One recent example of how public art is telling Muskegon’s story is a special exhibit featuring one of the region’s oldest residents. Modeled on the fossilized remains of a female mastodon that is part of the permanent collection at the Lakeshore Museum Center, “Mastodons on the Looseâ€ has placed 20 miniature mastodons hidden in and around downtown Muskegon. The scavenger hunt has been a hit with residents and visitors, and a boon to the participating businesses. The next installation, “A City Built on Timber,â€ will celebrate Muskegon’s heritage built in the sawmills.
Performing arts are ingrained in Muskegon’s DNA. The historic Frauenthal Center is home to the West Michigan Symphony, Muskegon Civic Theatre, Muskegon Community College’s Downtown Live Concert Series, and the Buster Keaton International Film Festival, just to name a few.
African American Art & Culture
Another way arts and history enrich the Muskegon Lakeshore community is through the James Jackson Museum of African American History.
“Our museum intends not to be just a place where people come to view exhibits,â€ says William C. Muhammad, president and board chairman of the museum, which is located in Muskegon Heights.
“This museum is an educational institution that would not only bring Black history to life, but also become a source of pride to the community. It is a place where African Americans can learn how to appreciate with swelling pride their ancestors’ creativity and contribution to the making of America from the beginning.”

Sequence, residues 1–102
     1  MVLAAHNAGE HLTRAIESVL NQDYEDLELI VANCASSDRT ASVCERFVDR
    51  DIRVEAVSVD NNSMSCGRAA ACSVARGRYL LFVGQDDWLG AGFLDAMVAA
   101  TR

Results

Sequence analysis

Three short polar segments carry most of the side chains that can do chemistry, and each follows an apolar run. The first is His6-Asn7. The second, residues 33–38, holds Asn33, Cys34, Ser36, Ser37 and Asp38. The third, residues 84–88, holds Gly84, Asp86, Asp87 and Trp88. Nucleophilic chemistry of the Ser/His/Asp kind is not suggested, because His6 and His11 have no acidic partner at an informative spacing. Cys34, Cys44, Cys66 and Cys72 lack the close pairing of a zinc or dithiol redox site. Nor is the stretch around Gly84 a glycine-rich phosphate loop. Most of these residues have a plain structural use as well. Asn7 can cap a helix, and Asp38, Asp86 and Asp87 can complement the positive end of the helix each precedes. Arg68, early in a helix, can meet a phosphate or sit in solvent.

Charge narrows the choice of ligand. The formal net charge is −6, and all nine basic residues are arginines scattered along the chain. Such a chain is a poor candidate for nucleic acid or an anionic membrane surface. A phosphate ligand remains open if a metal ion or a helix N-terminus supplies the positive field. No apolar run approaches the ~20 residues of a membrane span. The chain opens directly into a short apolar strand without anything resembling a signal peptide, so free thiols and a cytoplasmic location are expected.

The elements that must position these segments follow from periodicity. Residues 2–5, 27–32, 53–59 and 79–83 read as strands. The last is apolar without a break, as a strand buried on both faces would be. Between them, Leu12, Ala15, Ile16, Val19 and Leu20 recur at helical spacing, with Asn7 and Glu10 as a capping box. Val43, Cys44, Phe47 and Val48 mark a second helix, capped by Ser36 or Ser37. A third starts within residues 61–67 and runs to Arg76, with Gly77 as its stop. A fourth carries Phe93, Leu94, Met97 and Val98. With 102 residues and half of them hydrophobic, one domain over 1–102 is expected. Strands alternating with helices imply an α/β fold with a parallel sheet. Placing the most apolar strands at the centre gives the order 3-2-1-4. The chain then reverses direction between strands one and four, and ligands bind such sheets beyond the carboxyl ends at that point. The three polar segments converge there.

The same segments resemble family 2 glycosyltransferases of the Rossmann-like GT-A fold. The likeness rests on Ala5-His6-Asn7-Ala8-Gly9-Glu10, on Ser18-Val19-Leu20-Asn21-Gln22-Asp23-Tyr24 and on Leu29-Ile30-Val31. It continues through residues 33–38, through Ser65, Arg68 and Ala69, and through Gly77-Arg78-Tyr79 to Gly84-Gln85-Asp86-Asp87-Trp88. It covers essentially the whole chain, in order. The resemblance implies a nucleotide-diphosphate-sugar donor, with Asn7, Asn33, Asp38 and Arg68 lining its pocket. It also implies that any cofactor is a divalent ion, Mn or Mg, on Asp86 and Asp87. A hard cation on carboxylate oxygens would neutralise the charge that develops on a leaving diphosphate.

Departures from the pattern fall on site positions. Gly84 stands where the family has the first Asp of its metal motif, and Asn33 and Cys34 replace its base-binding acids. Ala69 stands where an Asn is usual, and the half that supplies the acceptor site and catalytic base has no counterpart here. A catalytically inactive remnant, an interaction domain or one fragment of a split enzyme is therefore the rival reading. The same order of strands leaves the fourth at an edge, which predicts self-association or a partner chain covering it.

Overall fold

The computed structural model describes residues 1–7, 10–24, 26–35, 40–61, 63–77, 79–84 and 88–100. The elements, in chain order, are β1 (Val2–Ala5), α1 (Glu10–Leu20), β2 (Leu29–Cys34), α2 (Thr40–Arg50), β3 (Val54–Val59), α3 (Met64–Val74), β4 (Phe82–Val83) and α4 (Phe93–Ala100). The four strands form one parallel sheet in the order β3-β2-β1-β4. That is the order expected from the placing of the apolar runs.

West Michigan Symphony & The Block
Making the arts accessible is more than just a slogan for the West Michigan Symphony. Since taking the helm of the nonprofit in 2018, Andy Buelow has pushed the arts organization out of the box and into The Block. Within this intimate performance space, new relationships are forged between the performing arts and the local community.
“What’s unique and special about The Block is that it’s not a concert, it’s not a recital, it’s a shared listening experience,â€ Buelow says. “With The Block, our artistic footprint has expanded from one- to multidimensional, encompassing classical, folk and jazz. But we do it in a way that shows how these different forms of music are interrelated.”
The Block enabled West Michigan Symphony to expand its youth programming, adding Debut and Premier Strings youth orchestras, a Children’s Choir and a story-time series for toddlers. Buelow says performing arts are an integral component of economic development because of their ability to enhance the vibrancy of a city. The arts hone a community’s cultural identity, which enhances the quality of life for residents and, in turn, drives talent attraction.
“The arts are community builders, and a sense of community, more than anything else, is what attracts people to relocate to a city,â€ Buelow says. “Institutions like the symphony, the civic theater, the libraries and museums may attract tourists, but they are here primarily for the residents. They are gathering places that bring people downtown – they give it life. And of course, we thrive on that as organizations.”